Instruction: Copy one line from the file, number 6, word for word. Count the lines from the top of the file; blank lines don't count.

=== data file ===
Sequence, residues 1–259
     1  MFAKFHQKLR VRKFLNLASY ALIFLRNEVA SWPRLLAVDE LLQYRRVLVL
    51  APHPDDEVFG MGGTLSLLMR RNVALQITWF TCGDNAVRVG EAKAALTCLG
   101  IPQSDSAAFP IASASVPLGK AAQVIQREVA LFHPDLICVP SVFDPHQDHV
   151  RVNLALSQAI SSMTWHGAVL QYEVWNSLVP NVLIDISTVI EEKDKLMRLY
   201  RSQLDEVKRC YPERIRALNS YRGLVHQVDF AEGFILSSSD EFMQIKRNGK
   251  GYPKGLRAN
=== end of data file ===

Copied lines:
   201  RSQLDEVKRC YPERIRALNS YRGLVHQVDF AEGFILSSSD EFMQIKRNGK